My statement on the budget deal: No more pale pastels

Jedediah Bila Contributor
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The United States is over $14 trillion in debt.

The AP reported in March that, “The federal government’s budget deficit grew by $222.5 billion in February, the largest one-month increase in history. Economists are forecasting the deficit for the year will be the biggest imbalance on record.”

So, am I popping the cork on the champagne to celebrate a budget deal that delivers $38.5 billion in cuts and does nothing to prevent funding the implementation of Obamacare? That would be a big, fat no.

To provide some additional perspective, CNSNews.com reported that, “The federal debt increased $54.1 billion in the eight days preceding the deal made by President Barack Obama, Senate Majority Leader Harry Reid (D.-Nev.) and House Speaker John Boehner (R.-Ohio) to cut $38.5 billion in federal spending for the remainder of fiscal year 2011, which runs through September.”

In addition, Mark R. Levin wrote the following on April 9: “What if $10 billion of the $38.5 billion actually is from the prior two CRs? And what if another $12 billion of the remaining $28.5 billion actually comes from a change in the budget baseline that would have occurred anyway? I cannot personally vouch for this, but this is what I am being told from certain Capitol Hill sources. I will know more in the hours and days ahead. And I will get to the bottom of this.”

Bottom line: Whether we’re talking about a mere $38.5 billion in cuts or an even more preposterous lesser number, the GOP “dealmakers” in D.C. have missed the boat by about a hundred miles. Are they the folks we’re supposed to be confident will fight tooth and nail for Paul Ryan’s fantastic Path to Prosperity, a FY2012 budget resolution that proposes to cut “$6.2 trillion in government spending over the next decade compared to the President’s budget” and offers sound solutions to save Medicare, repair Medicaid, simplify the tax code, and more? And how exactly does Boehner intend to have the upper hand in further dealings, as he has taken the notion of a “shutdown” off the table and compromised on an already watered-down $61 billion in cuts?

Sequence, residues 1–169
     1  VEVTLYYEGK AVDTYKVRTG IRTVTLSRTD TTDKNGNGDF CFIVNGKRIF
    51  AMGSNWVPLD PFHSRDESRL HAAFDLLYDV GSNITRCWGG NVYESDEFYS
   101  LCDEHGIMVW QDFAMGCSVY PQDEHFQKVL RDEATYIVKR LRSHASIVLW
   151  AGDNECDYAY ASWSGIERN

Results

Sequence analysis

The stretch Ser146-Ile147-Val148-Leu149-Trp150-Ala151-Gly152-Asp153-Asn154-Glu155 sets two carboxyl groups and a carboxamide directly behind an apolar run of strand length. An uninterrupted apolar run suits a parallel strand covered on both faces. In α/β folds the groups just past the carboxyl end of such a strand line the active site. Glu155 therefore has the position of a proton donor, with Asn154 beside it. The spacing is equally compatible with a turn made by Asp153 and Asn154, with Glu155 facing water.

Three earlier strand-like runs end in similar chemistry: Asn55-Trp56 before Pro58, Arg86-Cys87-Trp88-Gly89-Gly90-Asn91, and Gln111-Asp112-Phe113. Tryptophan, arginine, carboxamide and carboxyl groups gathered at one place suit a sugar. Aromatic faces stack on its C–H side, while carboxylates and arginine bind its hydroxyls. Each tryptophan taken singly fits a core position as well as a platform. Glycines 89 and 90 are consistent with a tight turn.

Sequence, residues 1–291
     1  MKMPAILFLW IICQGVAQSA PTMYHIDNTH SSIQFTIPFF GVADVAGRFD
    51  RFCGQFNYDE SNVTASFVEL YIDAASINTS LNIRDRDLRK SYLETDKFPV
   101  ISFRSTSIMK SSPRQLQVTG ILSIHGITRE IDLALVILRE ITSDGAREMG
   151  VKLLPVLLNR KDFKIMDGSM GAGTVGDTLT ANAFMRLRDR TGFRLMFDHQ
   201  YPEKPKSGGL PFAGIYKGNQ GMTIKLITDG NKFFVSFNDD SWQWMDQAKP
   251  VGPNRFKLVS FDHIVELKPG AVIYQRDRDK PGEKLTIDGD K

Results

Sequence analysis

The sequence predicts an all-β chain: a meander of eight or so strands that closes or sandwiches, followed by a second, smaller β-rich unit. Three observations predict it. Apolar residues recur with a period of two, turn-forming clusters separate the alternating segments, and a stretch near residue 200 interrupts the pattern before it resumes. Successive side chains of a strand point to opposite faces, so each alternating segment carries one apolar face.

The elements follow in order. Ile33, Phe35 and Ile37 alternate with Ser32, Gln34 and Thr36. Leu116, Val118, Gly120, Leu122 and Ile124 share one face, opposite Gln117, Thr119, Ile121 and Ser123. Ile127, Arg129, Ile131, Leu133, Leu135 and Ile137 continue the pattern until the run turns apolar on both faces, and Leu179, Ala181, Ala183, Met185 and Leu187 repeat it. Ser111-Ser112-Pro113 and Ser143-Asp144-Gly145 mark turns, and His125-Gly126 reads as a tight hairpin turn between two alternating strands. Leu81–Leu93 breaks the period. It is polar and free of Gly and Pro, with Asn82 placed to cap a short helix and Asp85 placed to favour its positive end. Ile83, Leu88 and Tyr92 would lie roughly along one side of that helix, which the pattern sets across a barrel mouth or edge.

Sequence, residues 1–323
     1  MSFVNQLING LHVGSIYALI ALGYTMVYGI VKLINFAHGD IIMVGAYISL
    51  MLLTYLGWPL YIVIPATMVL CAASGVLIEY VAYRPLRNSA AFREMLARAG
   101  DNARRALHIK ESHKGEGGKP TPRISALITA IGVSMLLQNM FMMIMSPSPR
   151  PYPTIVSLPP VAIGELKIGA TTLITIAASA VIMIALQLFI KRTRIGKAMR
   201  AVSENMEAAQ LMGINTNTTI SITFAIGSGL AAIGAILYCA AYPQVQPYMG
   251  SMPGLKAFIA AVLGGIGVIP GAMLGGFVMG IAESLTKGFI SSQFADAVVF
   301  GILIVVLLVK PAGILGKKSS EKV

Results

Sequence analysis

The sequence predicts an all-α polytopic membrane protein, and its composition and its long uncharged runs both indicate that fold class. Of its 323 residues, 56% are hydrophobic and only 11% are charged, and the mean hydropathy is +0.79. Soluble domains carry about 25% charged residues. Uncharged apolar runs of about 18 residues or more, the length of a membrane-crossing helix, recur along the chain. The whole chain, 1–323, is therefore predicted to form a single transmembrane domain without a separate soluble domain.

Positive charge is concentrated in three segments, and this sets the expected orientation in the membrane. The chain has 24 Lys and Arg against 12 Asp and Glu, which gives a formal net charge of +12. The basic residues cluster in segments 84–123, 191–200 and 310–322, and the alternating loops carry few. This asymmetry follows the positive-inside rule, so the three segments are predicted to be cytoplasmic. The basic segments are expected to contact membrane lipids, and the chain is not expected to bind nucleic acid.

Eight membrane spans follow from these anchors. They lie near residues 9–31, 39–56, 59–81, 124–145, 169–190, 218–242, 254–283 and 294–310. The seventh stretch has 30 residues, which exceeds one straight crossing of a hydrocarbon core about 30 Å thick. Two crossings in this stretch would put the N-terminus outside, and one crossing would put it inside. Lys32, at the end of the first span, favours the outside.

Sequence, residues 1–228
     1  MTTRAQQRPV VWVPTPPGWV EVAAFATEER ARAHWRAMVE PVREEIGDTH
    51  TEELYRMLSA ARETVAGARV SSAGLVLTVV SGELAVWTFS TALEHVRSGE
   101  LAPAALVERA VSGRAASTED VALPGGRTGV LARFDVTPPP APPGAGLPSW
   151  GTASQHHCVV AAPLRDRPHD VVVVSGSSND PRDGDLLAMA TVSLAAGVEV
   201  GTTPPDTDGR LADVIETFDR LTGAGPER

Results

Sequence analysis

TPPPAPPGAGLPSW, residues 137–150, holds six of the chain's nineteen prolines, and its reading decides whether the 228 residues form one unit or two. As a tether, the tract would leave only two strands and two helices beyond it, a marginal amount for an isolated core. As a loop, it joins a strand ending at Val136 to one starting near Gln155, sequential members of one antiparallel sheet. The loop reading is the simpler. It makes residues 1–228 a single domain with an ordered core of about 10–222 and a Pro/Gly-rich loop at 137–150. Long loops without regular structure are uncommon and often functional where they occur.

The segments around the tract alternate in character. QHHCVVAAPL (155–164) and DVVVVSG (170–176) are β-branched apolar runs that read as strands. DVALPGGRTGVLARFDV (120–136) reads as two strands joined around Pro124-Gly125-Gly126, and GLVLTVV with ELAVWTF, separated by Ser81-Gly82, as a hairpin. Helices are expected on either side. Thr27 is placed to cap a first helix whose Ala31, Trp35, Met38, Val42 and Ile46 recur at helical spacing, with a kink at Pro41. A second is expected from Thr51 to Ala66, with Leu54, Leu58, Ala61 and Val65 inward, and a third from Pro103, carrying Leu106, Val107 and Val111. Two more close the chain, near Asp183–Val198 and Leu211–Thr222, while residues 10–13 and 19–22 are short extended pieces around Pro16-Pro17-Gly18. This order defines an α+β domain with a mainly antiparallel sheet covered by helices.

As Dick Morris asked, “Having failed to stand firm for just $61 billion in cuts in a budget of $3.7 trillion, how can we expect him to stand firm over the debt limit extension or the 2012 budget?” As of right now, my assumption is that we can’t.

I know that John Boehner has a tough job, but I also know that we can no longer afford to play around with pale pastels. It’s time for bold colors to take the lead.

Never lose sight of one thing: Those running the show in D.C. have power only because we continue to give it to them. It is we who hold the ultimate power in our hands — that of our votes. And the same votes that sent a slew of Democrats packing in November of 2010 can send business-as-usual Republicans packing in 2012.

And as far as our campaigner-in-chief, Barack Obama, whose senior adviser David Plouffe is still arguing the tired, out-of-touch absurdity that “we have to use a scalpel, not a machete” to tackle our massive debt and deficit, well — I wouldn’t worry about him too much. After all, as Sarah Palin accurately reminds us, “There is a leadership vacuum in the White House right now, but that’s nothing that another good old-fashioned election can’t fix.”

Jedediah Bila is a conservative columnist and commentator living in New York City. For more information on Jedediah, please visit jedediahbila.com. Follow Jedediah on Twitter.